738 York St.
It isn’t often that we get a chance to hang out with Dayton friends Greg & Caroline, but they phoned the other night to say they had a baby-sitter for the evening and were hankering to soak up some Newport nightlife, and York Street Café has it in spades.
The restaurant is located a short walk from Newport on the Levee and the Newport Aquarium in an 1880’s Queen Anne-style building that originally housed a pharmacy. Gone are the remedies and potions of yesteryear, replaced by a kitchen cooking up gustatory delights. Yet echoes of the past are evident in the original apothecary cabinets lining the walls, and the lovely stained glass over the door, which still advertises the former tenant, Pharmacist George Widrig.
Happily, seven of the restaurant's nine appetizers are vegetarian. Start with one of their "conversation boards," which provide the perfect opportunity to sample a selection. There's a Mediterranean board ($18) of hummus, tabouleh, babaganoush and pita points served with a Greek salad and spanakopita; also on offer are a bruschetta platter ($17), baked brie pastry with fruit $17), or have a go at the Swiss fondue with assorted fruits and bread ($18).
Be sure to try the dirty hummus, an ambrosial concoction of hummus whipped with a sweet, tangy sauce, melted cheeses, olives, onions, and diced peppers. I don't even want to know the caloric content of this appetizer, I just want MORE of it.
The dinner menu offers a choice of two vegetarian selections and one vegan option. Having enjoyed both the baked manicotti ($19) and veggie burger ($12) on previous visits, I decided to go for the vegan polenta ($18) to see how it stacked up. Verdict? Very, very good indeed. Steamed broccoli, sauteed mushrooms and toasted pumpkin seeds accompany the golden wedges of cooked cornmeal, with a generous puddle of smoky tomato sauce rounding out the rustic dish. Superb.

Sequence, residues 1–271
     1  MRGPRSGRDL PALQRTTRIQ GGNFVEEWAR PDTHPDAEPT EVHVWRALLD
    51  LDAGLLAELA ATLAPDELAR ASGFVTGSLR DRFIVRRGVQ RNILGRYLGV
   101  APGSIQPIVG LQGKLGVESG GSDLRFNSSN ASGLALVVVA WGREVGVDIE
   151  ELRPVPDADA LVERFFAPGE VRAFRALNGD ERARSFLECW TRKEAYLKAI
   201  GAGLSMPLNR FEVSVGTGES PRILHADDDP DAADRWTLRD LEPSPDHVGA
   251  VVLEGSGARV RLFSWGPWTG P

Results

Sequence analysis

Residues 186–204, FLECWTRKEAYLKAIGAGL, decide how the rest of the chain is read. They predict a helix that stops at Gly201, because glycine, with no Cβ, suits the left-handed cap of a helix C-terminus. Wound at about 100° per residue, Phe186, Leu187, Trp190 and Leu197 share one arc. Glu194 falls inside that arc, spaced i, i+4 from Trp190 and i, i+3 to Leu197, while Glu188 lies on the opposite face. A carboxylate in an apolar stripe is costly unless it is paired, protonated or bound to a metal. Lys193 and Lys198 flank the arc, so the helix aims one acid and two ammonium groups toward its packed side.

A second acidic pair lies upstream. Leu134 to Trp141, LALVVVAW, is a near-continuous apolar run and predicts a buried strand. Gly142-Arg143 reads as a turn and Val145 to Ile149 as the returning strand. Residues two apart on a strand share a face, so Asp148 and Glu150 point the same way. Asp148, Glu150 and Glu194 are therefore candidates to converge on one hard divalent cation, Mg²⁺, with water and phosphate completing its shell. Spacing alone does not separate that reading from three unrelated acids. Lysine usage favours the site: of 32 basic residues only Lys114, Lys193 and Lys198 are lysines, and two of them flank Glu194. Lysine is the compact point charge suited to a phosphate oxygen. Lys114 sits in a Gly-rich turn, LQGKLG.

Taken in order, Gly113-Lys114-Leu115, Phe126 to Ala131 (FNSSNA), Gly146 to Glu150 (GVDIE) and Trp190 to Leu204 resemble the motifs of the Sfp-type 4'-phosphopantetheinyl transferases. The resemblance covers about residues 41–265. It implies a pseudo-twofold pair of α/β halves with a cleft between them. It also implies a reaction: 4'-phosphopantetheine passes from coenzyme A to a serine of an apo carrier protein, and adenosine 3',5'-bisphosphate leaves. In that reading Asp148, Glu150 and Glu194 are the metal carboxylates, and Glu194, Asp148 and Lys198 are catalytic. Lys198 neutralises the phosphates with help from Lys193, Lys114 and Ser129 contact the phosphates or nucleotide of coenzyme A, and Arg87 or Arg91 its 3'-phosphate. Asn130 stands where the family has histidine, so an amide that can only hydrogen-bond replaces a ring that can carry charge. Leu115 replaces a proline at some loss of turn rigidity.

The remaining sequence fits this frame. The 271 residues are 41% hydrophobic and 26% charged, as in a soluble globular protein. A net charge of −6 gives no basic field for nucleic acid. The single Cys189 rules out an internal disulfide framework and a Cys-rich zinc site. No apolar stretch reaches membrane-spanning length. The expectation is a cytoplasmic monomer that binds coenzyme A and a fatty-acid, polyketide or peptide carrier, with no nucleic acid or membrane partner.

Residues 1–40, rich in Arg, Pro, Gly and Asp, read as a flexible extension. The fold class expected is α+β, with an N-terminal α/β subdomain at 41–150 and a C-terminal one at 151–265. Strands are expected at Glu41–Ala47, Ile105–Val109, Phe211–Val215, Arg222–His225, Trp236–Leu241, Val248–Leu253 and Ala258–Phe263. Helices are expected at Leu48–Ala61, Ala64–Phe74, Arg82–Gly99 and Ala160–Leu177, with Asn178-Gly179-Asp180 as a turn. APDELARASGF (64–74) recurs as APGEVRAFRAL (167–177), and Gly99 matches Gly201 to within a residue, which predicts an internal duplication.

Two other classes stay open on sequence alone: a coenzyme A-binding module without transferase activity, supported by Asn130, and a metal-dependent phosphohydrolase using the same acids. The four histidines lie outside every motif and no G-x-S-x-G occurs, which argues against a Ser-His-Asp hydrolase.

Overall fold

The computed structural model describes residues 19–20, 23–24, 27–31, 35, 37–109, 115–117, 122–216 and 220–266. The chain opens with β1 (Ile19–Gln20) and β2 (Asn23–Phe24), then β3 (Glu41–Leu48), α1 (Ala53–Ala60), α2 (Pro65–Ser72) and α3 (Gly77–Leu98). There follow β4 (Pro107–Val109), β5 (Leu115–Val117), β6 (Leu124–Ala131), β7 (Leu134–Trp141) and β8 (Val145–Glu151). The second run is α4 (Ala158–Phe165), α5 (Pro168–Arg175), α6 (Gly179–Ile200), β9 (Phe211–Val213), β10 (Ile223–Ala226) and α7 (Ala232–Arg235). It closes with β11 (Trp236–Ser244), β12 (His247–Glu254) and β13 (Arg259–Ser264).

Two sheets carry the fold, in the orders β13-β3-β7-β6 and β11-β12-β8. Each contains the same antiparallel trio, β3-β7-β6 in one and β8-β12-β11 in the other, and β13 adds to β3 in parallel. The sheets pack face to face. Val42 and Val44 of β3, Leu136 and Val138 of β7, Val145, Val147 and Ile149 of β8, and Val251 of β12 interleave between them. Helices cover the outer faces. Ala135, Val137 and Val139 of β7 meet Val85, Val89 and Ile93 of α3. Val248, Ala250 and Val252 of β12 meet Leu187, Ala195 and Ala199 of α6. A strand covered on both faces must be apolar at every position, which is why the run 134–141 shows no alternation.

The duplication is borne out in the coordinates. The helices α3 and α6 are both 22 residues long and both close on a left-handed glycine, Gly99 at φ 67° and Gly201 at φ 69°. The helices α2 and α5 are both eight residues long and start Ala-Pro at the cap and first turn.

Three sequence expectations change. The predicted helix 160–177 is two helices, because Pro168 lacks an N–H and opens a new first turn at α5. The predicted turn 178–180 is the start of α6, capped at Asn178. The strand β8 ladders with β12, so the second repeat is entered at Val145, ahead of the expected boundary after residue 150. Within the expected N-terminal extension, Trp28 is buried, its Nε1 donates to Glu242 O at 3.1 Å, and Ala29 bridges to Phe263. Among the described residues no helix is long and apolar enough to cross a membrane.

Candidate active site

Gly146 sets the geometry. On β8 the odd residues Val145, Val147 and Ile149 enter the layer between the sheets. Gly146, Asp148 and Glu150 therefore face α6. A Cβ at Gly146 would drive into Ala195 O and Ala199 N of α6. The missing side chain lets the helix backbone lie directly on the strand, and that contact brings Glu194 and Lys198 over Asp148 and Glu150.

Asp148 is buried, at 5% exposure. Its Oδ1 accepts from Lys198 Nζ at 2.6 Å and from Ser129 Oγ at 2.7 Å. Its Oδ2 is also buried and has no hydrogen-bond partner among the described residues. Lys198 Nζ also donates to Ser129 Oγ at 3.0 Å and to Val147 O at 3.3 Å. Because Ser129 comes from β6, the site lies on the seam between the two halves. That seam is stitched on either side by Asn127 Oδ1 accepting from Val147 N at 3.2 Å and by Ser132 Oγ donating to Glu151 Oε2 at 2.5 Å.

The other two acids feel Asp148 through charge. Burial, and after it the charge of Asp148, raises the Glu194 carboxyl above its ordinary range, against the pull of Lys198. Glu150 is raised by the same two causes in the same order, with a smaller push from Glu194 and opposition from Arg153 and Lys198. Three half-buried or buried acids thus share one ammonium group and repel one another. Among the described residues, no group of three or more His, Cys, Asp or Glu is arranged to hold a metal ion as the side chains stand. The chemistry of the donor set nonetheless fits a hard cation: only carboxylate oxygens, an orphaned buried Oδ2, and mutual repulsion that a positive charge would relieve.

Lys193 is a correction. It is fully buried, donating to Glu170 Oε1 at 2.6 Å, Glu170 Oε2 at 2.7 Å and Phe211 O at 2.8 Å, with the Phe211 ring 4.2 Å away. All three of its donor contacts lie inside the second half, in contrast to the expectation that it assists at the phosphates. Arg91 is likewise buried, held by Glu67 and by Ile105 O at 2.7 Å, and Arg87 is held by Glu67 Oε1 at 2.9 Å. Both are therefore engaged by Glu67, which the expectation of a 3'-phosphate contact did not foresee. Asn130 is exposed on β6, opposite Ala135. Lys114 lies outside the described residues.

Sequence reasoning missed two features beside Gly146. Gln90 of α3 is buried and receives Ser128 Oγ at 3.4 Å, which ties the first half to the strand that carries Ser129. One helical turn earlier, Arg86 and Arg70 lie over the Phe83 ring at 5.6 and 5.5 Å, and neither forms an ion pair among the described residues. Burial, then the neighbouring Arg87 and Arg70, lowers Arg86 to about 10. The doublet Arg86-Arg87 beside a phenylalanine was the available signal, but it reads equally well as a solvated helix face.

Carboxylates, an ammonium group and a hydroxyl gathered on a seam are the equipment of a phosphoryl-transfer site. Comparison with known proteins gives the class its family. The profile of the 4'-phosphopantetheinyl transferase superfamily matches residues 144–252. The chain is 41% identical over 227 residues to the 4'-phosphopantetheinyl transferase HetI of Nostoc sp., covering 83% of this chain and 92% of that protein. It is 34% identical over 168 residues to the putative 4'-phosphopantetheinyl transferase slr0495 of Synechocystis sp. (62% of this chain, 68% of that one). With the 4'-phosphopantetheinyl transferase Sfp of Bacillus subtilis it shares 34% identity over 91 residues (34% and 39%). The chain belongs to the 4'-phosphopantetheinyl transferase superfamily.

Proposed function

Lunchtime diners will find several vegetarian sandwiches, wraps and toasties available, and more often than not a vegetarian soup of the day. On a recent lunch visit I opted for the Middle-eastern wrap with a side of vegetarian black bean soup. While the toothsome, scratch-made soup was appetizing, it was thicker than I would have preferred, probably the result of a heavy hand with the immersion blender. The wrap, however, was scrumptious. Comprised of an herbed tortilla slathered with creamy, house-made hummus and filled with tart tabbouleh, crunchy veggies, peppery red onion and briny feta, it was a sensory delight.
While the kitchen creations are serious business, owners Terry and Betsy Cunningham have made sure that the enviroment isn't stuffy or formal. Part of what makes York Street Café a destination restaurant is that it is fun, with plenty of kitschy knick-knacks to amuse and charm. The recently opened Mercantile Center next door offers diners the chance to own pieces of nostalgia like those decorating the restaurant.
The building is truely a one-stop shop of entertainment; in addition to the vibrant restaurant, there's an art gallery upstairs and a lounge that hosts live indie and swing bands most weekends. There's even an inviting garden patio for alfesco dining when the weather is fine.